If you haven’t learned already, the more wireless things are, the better. Cords are becoming a thing of the past. RIM understands this, and this is the reason behind their release of the Blackberry Music Gateway. The Music Gateway takes the cords out of having to play music from your device to speakers. This magic is done thanks to Bluetooth or Near Field Communication (NFC). NFC, which first gained notoriety through mobile payment systems, is now being found in the Blackberry Music Gateway to allow for cordless music enjoyment. Today, we will talk more about the hardware, find out how to connect, and enjoy what Blackberry Music Gateway has to offer.
What is Blackberry Music Gateway?
Previously, we had to connect our devices to a speaker through a cord to hear the music. This, many times, prevented us from being able to charge said device, go in the other room to answer an email with it, or do other things with the device being used. Cords were a way that tied down that device, forcing you to interrupt the music session when needed. While this may be just fine for someone blasting music to their own delight at home, for individuals at parties, this just isn’t acceptable. Blackberry Music Gateway solves this problem by allowing individuals to have a device connected to their speakers, sort of as a connection portal (or Gateway) that connects the device holding the music, with the gadget playing the music.
The good thing about this device is that you don’t need to own a Blackberry to connect to it. As long as your mobile devices support bluetooth or NFC, you can easily pair it with the Gateway and blast your music wirelessly. And yes, when I say “mobile devices”, it includes your laptop as well.
How Do I Set it Up?
First off, you need to ensure that you have your device connected before connecting to the speakers. To do this, ensure that your Gateway is in some sort of power source. This can be a laptop if you are on the go (through the USB port), your car headphone jack, or even an outlet if you’re stationary. From there, you should see a light on.
- You should expect to see either a blue, red, or green at any time through the life of your Blackberry Music Gateway.
- Green always means that it’s powered on.
- A red light always means you don’t have a connection. If it’s flashing quickly, this should be an alert to you that you lost your connection. If blinking slowly, this simply means you haven’t attempted a connection just yet.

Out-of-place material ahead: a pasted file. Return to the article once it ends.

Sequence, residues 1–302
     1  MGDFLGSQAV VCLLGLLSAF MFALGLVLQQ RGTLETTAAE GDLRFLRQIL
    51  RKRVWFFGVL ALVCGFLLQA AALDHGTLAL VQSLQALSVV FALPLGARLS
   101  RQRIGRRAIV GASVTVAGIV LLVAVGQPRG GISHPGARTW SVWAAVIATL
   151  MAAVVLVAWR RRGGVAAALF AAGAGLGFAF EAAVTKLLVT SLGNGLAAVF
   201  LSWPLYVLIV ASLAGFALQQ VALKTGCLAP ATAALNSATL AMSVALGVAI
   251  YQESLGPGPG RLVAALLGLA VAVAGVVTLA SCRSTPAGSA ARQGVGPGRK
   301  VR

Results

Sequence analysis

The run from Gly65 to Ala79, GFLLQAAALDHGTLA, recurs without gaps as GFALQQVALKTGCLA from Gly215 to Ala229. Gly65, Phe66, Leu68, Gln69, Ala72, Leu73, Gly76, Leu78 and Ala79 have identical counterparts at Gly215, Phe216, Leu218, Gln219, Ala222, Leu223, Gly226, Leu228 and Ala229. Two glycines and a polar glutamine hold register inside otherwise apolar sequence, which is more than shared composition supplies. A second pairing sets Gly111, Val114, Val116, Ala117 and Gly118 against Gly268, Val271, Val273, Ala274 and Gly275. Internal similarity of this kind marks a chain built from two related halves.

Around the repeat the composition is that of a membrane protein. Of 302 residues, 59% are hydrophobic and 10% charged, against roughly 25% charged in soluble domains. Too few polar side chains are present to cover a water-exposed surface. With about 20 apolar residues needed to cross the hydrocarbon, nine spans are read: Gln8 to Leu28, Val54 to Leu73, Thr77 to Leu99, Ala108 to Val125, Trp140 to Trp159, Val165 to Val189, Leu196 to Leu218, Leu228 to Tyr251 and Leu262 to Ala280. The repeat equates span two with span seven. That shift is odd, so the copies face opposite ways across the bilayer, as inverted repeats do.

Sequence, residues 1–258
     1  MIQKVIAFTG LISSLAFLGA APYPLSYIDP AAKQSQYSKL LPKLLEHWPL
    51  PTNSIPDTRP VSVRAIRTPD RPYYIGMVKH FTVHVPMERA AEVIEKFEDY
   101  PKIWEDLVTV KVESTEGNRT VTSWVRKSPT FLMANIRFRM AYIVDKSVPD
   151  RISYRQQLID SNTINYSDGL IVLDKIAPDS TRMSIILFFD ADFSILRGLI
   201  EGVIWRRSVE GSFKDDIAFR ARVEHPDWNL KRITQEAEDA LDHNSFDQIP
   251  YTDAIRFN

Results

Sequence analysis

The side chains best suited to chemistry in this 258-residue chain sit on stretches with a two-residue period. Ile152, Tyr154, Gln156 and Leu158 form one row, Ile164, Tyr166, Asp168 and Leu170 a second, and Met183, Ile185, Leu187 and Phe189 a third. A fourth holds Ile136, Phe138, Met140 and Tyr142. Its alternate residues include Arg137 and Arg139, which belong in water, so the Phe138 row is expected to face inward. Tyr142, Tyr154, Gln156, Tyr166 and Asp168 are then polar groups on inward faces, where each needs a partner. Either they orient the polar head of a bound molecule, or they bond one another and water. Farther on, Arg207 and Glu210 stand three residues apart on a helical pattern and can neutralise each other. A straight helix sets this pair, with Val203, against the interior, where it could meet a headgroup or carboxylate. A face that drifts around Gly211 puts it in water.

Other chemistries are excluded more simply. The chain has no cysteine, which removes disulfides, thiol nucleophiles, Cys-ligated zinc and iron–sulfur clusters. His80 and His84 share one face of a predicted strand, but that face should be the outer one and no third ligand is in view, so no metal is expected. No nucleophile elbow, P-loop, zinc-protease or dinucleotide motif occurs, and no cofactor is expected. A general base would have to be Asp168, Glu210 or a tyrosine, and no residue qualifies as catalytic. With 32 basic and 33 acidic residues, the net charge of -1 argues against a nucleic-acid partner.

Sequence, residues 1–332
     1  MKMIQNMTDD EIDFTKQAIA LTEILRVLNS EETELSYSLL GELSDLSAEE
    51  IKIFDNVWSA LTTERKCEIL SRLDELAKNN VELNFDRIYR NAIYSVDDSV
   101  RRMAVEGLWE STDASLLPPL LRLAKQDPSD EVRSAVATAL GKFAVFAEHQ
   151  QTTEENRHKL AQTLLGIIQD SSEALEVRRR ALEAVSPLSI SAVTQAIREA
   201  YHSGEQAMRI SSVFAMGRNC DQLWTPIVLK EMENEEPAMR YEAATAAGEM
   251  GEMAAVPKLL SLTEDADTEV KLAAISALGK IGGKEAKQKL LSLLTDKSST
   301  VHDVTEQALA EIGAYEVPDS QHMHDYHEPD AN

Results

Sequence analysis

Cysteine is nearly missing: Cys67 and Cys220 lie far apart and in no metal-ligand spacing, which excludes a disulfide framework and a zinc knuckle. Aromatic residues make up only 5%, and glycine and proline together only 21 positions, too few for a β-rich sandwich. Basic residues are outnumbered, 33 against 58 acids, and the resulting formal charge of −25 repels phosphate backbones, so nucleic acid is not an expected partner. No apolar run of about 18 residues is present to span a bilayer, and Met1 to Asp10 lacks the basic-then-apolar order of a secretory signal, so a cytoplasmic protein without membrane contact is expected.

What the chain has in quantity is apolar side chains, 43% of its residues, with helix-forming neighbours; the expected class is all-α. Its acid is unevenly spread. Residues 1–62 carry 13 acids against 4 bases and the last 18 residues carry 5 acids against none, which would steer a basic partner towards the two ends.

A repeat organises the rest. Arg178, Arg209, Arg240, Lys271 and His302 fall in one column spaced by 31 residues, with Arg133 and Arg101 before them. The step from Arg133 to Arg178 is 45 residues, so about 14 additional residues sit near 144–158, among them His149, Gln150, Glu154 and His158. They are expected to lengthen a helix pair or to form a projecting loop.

- The next color is blue, if this is blinking fast, then good news, you’re connected. If not, then it’s still good news, this means your Gateway is playing a song/sound. If mixed with red, this means it’s currently attempting to connect.
After the Gateway is plugged to a power source, press the top of the Gateway device, you’ll then have to go on to your Blackberry (or any other mobile device) and activate Bluetooth. Once Bluetooth is activated, you should be able to see the name “BlackBerry Music Gateway” in the list. At this point, once it is selected and paired, the light should be Blue.
To pair with NFC, Near-Field Communication, power the Gateway on, press the top of the Gateway, and activate NFC on your BlackBerry. From there, tap the Blackberry on top of the Music Gateway to activate.
My Experience with Music Gateway
During my week with the Blackberry Music Gateway, I found it to be a device fitting for a get-together or even while on the road. When testing it out on multiple platforms (in the car, through a television, and traditional speakers), I found it to be quite useful. iPhone and Mac games were able to have a more amplified sound when being hooked up to the speakers, increasing the gaming experience. When testing it on the Blackberry, that’s where I truly was able to appreciate the freedom of not being tied down by cords when listening to music and doing other tasks.
Do you need a Blackberry to get the best experience? No, not at all. RIM found a great way to make this platform-blind. Consumers will still not have the device on mind though due to the Blackberry name. Many will say, “I don’t have a Blackberry, so why would I need the Blackberry Music Gateway”. This wasn’t necessarily done on purpose or by accident by RIM, the device is made for Blackberry devices. The ability to work on other devices is just coincidence. That being said, paying $50 to not be tied down to cords while using your Bluetooth device is still something I see as not a bad purchase. Let’s just say, once Apple introduces a NFC iPhone, you’ll probably appreciate the purchase even more!
The Blackberry Music Gateway is sold on the RIM website for $49.95.